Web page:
Back during the late 90’s and early 2000’s, computer technology was a lot simpler than it was now, and being proficient with Paint or that old pinball game qualified you to be considered “skilled” with computers. In 2020 things are infinitely more advanced and complicated than many probably thought possible, and as things get more complicated, so to do attempts to steal information from others. But there are several tips you can follow to help minimize your risk of being targeted or taken advantage of online.

These days everyone has a smart phone, and while smart phones have their own security tools such as facial ID and finger print scanners to unlock said phone, computers and online accounts do not use these. But there is one thing you can do with your phone to help tighten your security online. Mobile Authenticators are becoming much more commonplace, and their purpose is simple; to tie your phone number to an account and allow to phone to verify certain details about your account. Linking your phone to your accounts can grant you the ability to get text notifications about security codes, or if a possible breach attempt has been detected. Phone’s linked can also help you to reset your password should you forget it. You can also download mobile authenticator apps that allow you to generate various security codes for different app accounts. A similar type of authentication is known as Dual Authentication, aka two-factor authentication. (2FA) This is similar to using a mobile device but it is not always tied to a mobile device, it can be tied to an email account or other method of verifying your account info. This is commonly used with banks but it is being quickly adapted by other services.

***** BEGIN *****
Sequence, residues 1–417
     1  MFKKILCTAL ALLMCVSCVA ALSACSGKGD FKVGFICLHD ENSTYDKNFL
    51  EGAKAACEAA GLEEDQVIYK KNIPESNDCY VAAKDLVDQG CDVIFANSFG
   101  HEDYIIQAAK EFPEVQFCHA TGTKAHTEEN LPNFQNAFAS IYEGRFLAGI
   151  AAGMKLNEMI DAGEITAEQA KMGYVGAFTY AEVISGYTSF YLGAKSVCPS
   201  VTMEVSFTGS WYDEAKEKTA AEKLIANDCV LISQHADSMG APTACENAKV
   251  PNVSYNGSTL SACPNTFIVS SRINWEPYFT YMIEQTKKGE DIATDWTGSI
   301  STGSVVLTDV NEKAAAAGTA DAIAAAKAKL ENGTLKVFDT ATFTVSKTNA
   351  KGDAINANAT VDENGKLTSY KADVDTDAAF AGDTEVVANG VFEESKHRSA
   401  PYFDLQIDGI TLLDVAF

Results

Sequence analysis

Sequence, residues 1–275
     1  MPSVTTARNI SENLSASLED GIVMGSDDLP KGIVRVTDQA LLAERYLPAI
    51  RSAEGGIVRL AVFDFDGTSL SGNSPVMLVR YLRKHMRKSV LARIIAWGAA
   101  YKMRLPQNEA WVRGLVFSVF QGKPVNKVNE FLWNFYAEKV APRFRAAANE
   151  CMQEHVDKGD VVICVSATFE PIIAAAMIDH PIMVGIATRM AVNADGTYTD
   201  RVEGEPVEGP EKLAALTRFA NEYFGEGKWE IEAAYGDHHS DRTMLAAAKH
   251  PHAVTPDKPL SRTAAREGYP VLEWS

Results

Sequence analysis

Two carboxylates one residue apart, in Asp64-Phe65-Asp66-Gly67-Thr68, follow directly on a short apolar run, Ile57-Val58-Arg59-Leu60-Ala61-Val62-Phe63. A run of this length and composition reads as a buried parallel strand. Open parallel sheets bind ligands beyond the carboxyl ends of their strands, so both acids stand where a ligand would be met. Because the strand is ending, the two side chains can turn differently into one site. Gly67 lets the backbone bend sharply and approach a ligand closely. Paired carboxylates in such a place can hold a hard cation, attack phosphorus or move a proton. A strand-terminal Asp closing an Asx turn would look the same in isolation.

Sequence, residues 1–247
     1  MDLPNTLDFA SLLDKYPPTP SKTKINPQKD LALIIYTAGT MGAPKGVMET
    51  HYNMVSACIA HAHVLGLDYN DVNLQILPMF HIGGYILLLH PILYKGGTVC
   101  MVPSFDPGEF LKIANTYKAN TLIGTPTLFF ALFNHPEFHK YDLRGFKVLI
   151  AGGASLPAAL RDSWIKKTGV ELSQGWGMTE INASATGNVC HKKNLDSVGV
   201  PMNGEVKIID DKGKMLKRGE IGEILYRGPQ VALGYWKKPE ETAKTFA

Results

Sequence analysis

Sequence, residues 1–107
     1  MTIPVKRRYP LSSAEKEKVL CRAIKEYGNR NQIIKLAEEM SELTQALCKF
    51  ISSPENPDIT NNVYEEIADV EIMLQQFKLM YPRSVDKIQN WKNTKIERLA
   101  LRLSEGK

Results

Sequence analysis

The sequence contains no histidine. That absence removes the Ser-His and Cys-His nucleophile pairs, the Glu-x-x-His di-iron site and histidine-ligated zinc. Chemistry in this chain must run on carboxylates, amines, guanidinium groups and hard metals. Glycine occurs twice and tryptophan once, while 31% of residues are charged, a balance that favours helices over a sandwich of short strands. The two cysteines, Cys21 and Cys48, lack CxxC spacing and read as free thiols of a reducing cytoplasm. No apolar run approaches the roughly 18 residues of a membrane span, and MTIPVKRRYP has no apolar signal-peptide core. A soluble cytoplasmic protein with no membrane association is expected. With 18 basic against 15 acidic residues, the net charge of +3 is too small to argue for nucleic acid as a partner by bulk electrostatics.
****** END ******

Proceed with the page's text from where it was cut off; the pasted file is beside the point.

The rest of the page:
This is far from the only way to help secure an account however, a much more commonly used; as well as older method, is security questions. Security questions are commonly associated with bank accounts, but they are often used as a method of getting into your account if you forget your password. Common ones you may see would be questions that ask for a pet’s name or a city you would like to visit. It is recommended that you do not provide answers that many people know. For example, if you have a pet and love to talk about it on social media, it would be ill-advised to have one your questions be said pet’s name. You should pick questions and answers that only you would know, thus limiting the risk of someone getting into your account by reading your social media history.

Speaking of social media, let’s take a moment to consider the information you may post online. Identity thieves will often look on social media accounts that are not secure or set to private. The more information that you make publicly available, the more you put yourself at risk to be taken advantage of. So, make sure you set your accounts to private as much as you can, make sure information you post is only visible to friends, and some scrutiny to the friends you add on social media can be advised as well.

When it comes to passwords you may be tempted to reuse the same one multiple times to help you remember it easier. DO NOT DO THIS. If just one of these accounts are compromised, then very other account with that password will be just as vulnerable. Furthermore, do not make your passwords simple to guess, no matter how funny or clever you think you are; 1,2,3,4,5 is not a good password and is the kind of thing an idiot would put on his luggage lock. Have lowercase and capital letters in it, as well as numbers and special characters as well. Avoid birthdays and loved one’s names because they will be some of the first guesses some people try.

Above all else, use common sense online, as I have said previously, common sense is your biggest ally online. Use two factor or mobile authentication, don’t store sensitive info online, do not react to things immediately, take a moment and consider things before reacting. Don’t click on suspicious links, don’t give money to the old executive prince in Saudi Arabia, don’t put your passwords online, and don’t panic everything will be fine!